Just a year after releasing their Irish number one album Trust the Wire and their last Aussie tour, Dublin rockers The Coronas return to Australia for three shows in November.
Since establishing themselves in 2003, The Coronas have built up a loyal fanbase in Ireland and cemented themselves as one of our best live acts.
Fresh from playing to 14,000 fans at Dublin’s 3Arena, lead singer Danny O’Reilly told The Irish Echo how excited the band are to be heading back down under.
“The reaction we have been getting there is just amazing so we’re really excited about going back,” O’Reilly, the son of singing legend Mary Black, said.
“We had a cool gig in Sydney in March, just to launch the gigs, and we love going there. We’re really excited and hopefully by the end of November, it will be nice and sunny as well so we’ll get a bit of sun on our skin.
“Often times we don’t get to enjoy the cities too much but hopefully we’ll get a few days either side just to enjoy the place. It was cool to be back in Sydney for a few days. We have a couple of friends living there now.
“Hopefully when we go back in November, we might have a few days to enjoy it and chill out and catch up with people again.”
It was just last year that the band released their fifth studio album but in June they followed it with new material in the form of the EP, The Reprise, a collection of loose-end songs that did not fit on previous albums.
“We’ve been playing a few songs off it. It’s been going well. It’s always nice to have something new out there.
“I think the EP’s a little bit different for us, it’s a little bit of a departure from what we’ve done in the past. I mean it’s still Coronas, it’s still three and a half minute songs of my whiny voice on top of some pop songs but I think musically it’s slightly different for us.
“It’s been getting an amazing reaction, much better than we even thought. We thought we were gonna release it under the radar just to have a release for our really eager fans who want to hear some new music but I think it’s helped us garner some new attention and some new fans so it’s really encouraging.
“We had more freedom because we produced it ourselves. It’s the first piece of work that we self- produced. It was very free and easy and like, ‘Okay, there’s no pressure on it to be a big successful album, we don’t need a load of hits, this is just something for us’. And I think taking that pressure off made it more enjoyable.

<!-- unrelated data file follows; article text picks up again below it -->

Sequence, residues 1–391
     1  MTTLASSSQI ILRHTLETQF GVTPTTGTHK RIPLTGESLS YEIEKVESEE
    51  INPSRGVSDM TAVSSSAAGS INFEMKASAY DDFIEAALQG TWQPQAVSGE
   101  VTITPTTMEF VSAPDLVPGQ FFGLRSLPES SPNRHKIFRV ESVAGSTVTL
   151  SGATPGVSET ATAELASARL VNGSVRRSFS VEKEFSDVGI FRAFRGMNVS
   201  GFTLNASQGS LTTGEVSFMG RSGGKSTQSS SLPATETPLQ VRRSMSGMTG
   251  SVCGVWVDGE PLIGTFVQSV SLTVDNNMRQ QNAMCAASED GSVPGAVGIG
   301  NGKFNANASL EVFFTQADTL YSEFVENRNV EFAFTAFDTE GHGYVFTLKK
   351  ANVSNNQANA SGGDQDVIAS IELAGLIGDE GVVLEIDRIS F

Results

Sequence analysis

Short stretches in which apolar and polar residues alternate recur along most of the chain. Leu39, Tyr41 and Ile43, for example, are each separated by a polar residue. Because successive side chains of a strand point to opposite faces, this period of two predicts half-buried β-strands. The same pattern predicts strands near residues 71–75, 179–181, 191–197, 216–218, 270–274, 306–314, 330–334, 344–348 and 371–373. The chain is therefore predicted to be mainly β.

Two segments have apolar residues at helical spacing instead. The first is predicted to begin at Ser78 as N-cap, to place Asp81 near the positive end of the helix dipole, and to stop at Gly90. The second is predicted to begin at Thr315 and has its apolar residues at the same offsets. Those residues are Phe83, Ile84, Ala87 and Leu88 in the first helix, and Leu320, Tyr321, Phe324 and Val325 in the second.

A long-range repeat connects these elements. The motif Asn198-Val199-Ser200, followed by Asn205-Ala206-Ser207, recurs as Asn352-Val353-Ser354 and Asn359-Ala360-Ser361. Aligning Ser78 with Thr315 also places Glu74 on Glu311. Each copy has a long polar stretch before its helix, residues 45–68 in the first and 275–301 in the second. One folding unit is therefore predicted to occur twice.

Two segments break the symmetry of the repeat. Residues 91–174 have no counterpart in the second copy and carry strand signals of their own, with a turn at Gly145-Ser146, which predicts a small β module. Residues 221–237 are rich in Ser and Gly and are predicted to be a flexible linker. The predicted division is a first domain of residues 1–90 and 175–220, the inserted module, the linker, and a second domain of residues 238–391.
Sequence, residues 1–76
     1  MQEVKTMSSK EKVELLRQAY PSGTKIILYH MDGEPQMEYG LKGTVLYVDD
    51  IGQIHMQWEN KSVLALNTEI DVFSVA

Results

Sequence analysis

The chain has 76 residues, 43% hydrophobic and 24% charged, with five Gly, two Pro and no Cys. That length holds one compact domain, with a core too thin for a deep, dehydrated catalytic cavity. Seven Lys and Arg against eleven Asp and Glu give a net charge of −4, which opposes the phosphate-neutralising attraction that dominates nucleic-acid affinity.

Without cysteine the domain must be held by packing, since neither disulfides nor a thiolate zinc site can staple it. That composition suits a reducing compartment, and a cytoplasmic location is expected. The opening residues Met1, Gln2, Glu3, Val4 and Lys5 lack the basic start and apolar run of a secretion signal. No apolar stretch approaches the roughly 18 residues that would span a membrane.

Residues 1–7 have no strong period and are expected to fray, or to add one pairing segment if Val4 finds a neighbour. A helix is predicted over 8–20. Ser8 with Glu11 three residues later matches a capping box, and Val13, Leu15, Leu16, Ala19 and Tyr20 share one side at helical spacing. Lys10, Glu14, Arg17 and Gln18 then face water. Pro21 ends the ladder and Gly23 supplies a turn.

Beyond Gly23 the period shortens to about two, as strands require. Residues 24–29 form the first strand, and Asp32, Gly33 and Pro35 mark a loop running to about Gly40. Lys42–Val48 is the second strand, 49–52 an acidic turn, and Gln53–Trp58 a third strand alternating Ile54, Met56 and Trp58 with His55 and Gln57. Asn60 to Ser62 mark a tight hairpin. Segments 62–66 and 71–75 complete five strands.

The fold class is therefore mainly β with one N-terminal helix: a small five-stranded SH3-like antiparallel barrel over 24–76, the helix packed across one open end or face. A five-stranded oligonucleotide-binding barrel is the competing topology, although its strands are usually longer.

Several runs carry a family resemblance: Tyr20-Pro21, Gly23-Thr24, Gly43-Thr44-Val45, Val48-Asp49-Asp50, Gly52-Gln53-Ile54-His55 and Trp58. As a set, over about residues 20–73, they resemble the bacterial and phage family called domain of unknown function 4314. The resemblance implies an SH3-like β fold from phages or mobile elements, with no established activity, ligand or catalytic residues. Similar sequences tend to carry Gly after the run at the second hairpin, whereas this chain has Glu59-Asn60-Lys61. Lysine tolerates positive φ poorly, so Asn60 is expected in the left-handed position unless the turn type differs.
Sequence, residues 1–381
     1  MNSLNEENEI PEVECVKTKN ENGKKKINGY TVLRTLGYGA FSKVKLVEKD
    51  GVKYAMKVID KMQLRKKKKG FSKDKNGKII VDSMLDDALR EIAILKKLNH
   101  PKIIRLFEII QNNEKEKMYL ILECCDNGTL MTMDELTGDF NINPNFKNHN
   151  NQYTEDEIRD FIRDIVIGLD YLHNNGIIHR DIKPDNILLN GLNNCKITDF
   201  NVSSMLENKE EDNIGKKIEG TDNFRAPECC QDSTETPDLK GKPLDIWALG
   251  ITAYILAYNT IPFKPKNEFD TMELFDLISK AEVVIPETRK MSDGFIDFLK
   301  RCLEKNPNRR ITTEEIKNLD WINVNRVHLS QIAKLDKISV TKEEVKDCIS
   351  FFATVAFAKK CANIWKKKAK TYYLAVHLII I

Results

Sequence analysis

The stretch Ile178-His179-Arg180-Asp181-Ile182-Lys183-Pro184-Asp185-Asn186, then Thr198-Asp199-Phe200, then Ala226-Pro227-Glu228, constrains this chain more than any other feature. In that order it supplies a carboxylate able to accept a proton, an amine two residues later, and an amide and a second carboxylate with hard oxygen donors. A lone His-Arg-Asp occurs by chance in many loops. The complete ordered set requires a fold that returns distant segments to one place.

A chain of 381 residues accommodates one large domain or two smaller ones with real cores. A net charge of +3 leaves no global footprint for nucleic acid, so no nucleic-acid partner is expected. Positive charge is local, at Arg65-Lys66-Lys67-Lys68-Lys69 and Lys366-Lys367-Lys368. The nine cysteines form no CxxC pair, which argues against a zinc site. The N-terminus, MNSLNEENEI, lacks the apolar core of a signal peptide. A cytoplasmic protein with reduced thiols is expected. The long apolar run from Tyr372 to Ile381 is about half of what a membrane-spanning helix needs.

“Sometimes when you get too caught up in trying to write singles you can get off track a little bit. With this, we didn’t worry at all about getting radio play; this was more of a self-indulgent … undertaking. It was nice to be able to do that and scratch that itch and let ourselves just go with it.”
The lead single on The Reprise is The Note, striking for both the singalong and triumphant tune and the heartbroken lyrics it is married to.
O’Reilly has often spoken about how he writes about his own life in his music. This song could very well be from the period after his high-profile break-up with television presenter, Laura Whitmore.
“It’s about the struggle after a break-up and sometimes that maybe things aren’t great and they might not get better and having those depressing feelings so it’s definitely darker lyrically,” he said. “People are loving it and that’s really great to see. It’ s nice we found a home for it because it’s a song we’re really proud of.”
The band have started putting together material for their next album and O’Reilly reveals this comes as a relief after the last album’s difficult preparation.
“I’m really excited about the new stuff, more so than years gone by. With the last album Trust the Wire we’re really proud of it. I definitely think it’s one of our strongest albums but I think it was the closest I’ve ever been to having writer’s block.
“I was definitely struggling creatively for a while so I just thought: ‘We’re getting older, trying to continuously improve creatively, it’s going to be difficult and it’s going to just get harder as you get older’.
“That’s sort of what I had resigned myself to but then we went down to Dingle and had these two weeks where there were just songs falling out of us and I was like, ‘Oh my God. These are great’.”
O’Reilly will not be the only family member in Australia in November as his mother Mary Black will perform at the Sydney Irish Festival.
Asked if there could be some overlap of their time here, O’Reilly replied: “It will be great. To be completely honest, I had no idea we were going to be in Australia at the same time, so thank you for that. It would be so cool.
“If I can do it, I would definitely consider going over a week early maybe to Australia, seeing her show and just chilling out for a week. I hope that might work out, make a family holiday out of it.”
The Coronas play Prince Bandroom, Melbourne on 22 November, Metro Theatre, Sydney on 23 November and Capitol, Perth on 24 November. For more information, go to www.troubadour-music.com